The PolicyMic piece “National Geographic Concludes What Americans Will Look Like in 2050, and It’s Beautiful” has been trending quite nicely. Over the past few days, I’ve noticed many people sharing it enthusiastically as a sign for optimism in America’s future. It features a colorful cast of interracial faces, including what will become the “average American” face in 2050. Yet, something noticeably absent from this spread of photos is people with darker skin. Additionally, this piece suggests that increasing amounts of interracial unions and their offspring might, in essence, end racism.
While many are gushing over America’s beauty in 2050, this vision has also come under heavy criticism. Writer Gene Demby, in my opinion, has provided great commentary on twitter. Here’s one tongue-in-cheek tweet from Demby: “Entrenched inequality getting you down? What you need is a boo of a different [race] and [a] beige child to untether you from our histories.” Participating in the conversation, Erika Nicole Kendall tweeted: “My features are beautiful when they come wrapped in fairer skin?”
It’s troubling to see America’s future beauty predicated on the absence of black people with darker features. From a whiter person’s perspective, the photo spread might look like his own diversification. But from a darker person’s perspective, it looks like she is desired more when she’s become lighter. The aesthetics and assumptions behind this piece on America’s future “beauty” are deeply problematic. What it shows and reminds us is that interracial realities and futures can be built upon a disdain for black bodies.
I see this piece on 2050 as part of broader and increasing conversations about America’s predicted demographic changes. Besides 2050, the other hot-topic year is 2042. That’s when white Americans are supposed to become a “minority” in this country—though I think it's more accurate to describe America as becoming a plurality and not a new majority/minority, unless you think all minority groups are the same or unify in the way that white people do. To say nothing about those who see 2042 as doomsday, I’m deeply puzzled by those who hold up 2042, and the demographic changes it represents, as a solution to the problem of race in America. It’s as though the demographic change in and of itself will make the importance of race disappear.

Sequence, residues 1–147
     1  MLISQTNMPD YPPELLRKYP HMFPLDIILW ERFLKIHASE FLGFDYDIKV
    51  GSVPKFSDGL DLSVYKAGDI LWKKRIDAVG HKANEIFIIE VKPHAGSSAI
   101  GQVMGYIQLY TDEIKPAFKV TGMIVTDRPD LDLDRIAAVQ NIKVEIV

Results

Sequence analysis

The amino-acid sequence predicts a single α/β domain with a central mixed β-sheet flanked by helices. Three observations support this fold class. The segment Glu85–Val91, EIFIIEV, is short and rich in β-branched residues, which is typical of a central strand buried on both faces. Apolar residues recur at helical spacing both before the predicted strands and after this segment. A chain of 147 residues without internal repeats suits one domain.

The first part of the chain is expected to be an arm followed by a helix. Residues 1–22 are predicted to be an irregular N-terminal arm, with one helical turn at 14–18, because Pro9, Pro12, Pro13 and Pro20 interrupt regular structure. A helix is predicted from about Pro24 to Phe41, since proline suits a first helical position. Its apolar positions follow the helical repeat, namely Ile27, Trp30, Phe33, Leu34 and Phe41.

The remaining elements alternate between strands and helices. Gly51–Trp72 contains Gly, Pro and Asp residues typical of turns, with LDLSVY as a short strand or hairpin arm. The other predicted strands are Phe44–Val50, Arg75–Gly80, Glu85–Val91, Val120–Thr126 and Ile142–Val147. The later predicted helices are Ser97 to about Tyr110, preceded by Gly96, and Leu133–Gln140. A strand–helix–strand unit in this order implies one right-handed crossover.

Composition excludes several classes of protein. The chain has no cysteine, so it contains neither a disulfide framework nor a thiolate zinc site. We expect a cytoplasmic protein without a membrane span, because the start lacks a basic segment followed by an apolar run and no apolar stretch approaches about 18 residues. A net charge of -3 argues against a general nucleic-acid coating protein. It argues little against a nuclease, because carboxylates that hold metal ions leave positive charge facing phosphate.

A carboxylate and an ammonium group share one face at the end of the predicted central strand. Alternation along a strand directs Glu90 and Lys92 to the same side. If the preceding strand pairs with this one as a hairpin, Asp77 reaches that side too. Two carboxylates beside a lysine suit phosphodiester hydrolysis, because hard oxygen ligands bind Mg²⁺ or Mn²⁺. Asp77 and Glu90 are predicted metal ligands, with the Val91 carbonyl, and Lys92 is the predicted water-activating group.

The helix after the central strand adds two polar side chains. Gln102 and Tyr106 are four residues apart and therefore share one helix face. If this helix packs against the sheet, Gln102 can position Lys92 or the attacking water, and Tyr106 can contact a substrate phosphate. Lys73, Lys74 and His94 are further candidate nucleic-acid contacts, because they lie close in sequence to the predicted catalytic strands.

Just today in the Washington Post, Chris Cillizza has written a post titled “Is Barack Obama 'black'? A majority of Americans say no.” in which he suggests that increasing rates of interracial marriages will make race a moot point in coming years. I’ll add this, along with the piece on America’s 2050 beauty, along with many others, to the catalogue of arguments that I like to call “Demographics as Destiny.”
For those who see demographics as destiny, the increasing number of non-white Americans and interracial unions will practically eradicate the negative consequences of race. America’s multicultural future from now through 2042 and beyond is one of linear progress, not discounting hiccups along the road. But is this true? Can America literally screw its way beyond race?
I’m not convinced. Consider Jamelle Bouie’s piece, “Could America Become Mississippi?” Bouie highlights a study conducted at Northwestern University that shows that white Americans become more politically conservative when they learn that demographic changes are putting them in the minority. Using this, Bouie points to American history and argues that increased segregation is a possibility in America’s future. Granted, this is somewhat of a worst-case scenario. But what I think Bouie demonstrates is that demographics alone can’t predict a more equitable future. Demographics still need to be interpreted. Changing demographics can lead to a number of results.
I find most of the optimism behind 2042, and 2050, to be too naïve. Will conditions for non-whites in America improve? Yeah, sure. Will race and the significance of racial identities go away? That is not determined. Time alone doesn’t dismantle. One just has to look at the history of colonialism. One just has to look at the history of this country, at the fluidity of racial categories, at how whiteness has changed to incorporate many into its melting pot. To remain glibly optimistic in light of all of this is simply to participate in the American evasion of history.